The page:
Israel Forever

For the week ending 20 September 2003 / 23 Elul 5763

Light at the End of the Tunnel

by Rabbi Mendel Weinbach zt'l
Become a Supporter Library Library

In the dark tunnels of life there often appears a real or imaginary light. For the man of faith it is a ray of hope that the darkness will soon be over; for others it is the signal of an oncoming train!

Jews have passed though many tunnels of darkness throughout their history. In order to ensure that they would never lose their faith and hope they were told by their leader Moshe, "You stand here "today" as he made a covenant between them and their Creator.

This word "today", which Jews will hear read in synagogue throughout the world on the last Shabbat of this year, introduces a very special message of encouragement. In his commentary, Rashi quotes the words of our Sages:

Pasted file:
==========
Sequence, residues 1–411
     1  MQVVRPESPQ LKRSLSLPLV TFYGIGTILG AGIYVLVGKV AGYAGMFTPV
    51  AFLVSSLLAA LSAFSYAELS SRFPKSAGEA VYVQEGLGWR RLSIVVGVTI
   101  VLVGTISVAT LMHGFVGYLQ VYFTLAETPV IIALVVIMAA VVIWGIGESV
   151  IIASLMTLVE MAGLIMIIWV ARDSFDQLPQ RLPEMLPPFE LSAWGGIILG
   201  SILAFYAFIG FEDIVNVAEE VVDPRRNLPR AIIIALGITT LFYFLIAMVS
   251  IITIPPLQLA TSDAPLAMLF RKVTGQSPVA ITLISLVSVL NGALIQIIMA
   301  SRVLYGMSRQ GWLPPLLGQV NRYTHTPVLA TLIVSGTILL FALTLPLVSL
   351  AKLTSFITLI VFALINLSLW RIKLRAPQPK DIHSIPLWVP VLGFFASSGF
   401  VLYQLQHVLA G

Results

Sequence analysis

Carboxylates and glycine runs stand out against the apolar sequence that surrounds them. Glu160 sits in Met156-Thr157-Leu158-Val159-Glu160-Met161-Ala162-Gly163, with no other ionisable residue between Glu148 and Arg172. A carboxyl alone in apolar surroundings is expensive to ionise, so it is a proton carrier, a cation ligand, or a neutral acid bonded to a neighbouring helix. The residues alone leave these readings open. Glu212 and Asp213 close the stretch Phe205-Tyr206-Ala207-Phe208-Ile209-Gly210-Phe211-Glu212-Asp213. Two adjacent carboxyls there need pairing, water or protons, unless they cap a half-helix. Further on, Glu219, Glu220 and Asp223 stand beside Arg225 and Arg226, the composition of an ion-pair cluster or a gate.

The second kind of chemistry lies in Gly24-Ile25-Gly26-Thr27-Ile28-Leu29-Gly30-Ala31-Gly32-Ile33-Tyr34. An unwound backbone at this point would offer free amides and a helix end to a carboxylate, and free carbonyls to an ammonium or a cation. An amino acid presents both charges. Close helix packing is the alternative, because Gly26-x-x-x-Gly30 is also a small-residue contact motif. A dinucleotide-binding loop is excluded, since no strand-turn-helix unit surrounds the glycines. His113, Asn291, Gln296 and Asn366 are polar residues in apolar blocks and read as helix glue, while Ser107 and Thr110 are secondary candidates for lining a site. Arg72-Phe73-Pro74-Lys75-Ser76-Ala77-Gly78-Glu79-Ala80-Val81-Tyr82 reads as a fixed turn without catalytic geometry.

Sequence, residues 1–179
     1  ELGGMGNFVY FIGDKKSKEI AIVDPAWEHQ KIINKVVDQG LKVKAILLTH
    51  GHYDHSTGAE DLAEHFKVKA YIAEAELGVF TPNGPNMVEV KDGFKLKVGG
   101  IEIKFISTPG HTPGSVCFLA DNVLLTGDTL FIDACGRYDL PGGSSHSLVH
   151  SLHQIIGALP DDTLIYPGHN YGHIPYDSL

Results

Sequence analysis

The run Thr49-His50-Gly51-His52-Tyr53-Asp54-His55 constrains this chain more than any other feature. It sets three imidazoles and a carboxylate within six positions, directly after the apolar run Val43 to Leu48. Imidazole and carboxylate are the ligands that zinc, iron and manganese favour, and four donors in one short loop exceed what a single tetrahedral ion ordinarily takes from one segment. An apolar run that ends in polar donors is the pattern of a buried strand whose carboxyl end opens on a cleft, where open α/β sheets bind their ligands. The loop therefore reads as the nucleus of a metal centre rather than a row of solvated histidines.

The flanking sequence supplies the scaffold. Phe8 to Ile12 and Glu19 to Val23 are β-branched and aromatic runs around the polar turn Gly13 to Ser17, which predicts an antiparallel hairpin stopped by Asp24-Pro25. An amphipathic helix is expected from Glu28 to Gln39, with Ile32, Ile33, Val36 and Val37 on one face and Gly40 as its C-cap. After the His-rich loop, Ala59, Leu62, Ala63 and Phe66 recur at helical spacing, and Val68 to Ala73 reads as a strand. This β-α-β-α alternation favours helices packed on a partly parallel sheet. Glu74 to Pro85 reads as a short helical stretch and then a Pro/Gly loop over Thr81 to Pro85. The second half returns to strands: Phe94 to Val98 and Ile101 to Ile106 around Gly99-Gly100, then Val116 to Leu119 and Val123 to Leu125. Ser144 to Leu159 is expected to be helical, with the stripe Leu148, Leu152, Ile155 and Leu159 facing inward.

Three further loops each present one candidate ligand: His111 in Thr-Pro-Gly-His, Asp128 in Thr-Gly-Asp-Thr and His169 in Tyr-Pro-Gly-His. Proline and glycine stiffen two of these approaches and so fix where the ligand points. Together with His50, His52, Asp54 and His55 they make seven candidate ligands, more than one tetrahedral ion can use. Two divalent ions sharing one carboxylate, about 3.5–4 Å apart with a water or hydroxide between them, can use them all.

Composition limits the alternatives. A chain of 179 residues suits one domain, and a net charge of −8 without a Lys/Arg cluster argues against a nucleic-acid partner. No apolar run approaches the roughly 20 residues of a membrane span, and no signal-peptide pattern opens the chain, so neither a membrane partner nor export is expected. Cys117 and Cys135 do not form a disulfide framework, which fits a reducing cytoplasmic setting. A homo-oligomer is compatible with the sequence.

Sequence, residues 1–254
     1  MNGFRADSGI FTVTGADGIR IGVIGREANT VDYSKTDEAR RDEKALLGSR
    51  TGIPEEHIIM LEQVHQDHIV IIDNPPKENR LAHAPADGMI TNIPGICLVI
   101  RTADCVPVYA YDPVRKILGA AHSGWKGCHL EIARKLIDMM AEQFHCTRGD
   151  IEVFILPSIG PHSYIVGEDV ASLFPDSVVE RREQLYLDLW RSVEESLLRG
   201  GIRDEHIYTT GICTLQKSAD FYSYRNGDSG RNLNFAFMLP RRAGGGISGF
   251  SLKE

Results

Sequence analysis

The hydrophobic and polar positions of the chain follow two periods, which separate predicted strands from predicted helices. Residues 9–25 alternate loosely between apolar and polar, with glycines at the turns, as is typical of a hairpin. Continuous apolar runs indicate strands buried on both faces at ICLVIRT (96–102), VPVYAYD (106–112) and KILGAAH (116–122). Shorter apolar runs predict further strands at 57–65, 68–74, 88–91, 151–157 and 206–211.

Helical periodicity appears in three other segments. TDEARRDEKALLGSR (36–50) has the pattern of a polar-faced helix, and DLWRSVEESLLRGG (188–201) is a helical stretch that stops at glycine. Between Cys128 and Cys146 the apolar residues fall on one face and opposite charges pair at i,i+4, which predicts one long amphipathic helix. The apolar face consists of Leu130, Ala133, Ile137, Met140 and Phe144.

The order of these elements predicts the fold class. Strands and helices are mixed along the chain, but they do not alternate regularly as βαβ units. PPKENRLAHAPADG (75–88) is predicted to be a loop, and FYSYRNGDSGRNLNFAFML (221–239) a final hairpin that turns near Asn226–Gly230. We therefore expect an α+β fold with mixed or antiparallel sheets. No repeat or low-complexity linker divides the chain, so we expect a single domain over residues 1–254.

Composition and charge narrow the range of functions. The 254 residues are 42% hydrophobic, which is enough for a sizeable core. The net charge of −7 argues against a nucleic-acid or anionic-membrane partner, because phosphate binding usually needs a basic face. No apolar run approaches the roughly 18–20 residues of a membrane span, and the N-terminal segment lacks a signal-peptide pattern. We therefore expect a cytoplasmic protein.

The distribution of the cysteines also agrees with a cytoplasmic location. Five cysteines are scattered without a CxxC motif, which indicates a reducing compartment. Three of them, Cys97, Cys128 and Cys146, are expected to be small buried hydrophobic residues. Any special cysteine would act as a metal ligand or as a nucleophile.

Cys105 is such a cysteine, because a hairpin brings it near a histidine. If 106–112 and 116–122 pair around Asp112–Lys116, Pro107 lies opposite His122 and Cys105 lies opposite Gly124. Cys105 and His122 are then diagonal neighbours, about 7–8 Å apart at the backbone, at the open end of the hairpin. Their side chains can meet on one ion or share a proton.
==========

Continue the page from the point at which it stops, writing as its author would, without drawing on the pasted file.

"Today, like this day which lives and which has light following darkness so too has He brightened the darkness for you in the past and so will He bring you light in the future. The curses and the suffering spelled out in the previous chapter serve to preserve you and firmly establish you before Him."

For the Jew of faith, darkness is not a mere historical accident or even a simple manifestation of anti-Semitism which are challenges to his power of survival. Just as the day is inexorably comprised of light and darkness, with each serving its purpose, so too is Jewish history made up of triumph and tragedy. While we all long for the happiness of the light we must never lose sight of the purpose of the darkness which redirects us to our true mission as a people.

Jews in Eretz Yisrael have suffered a great deal of curses and darkness in the year gone by. In wishing all of our readers a Happy and Healthy New Year we cannot help but quote the closing words of a prayer traditionally recited in the waning hours of the year:

"May the old year with its curses come to an end. May the new year with its blessings begin."

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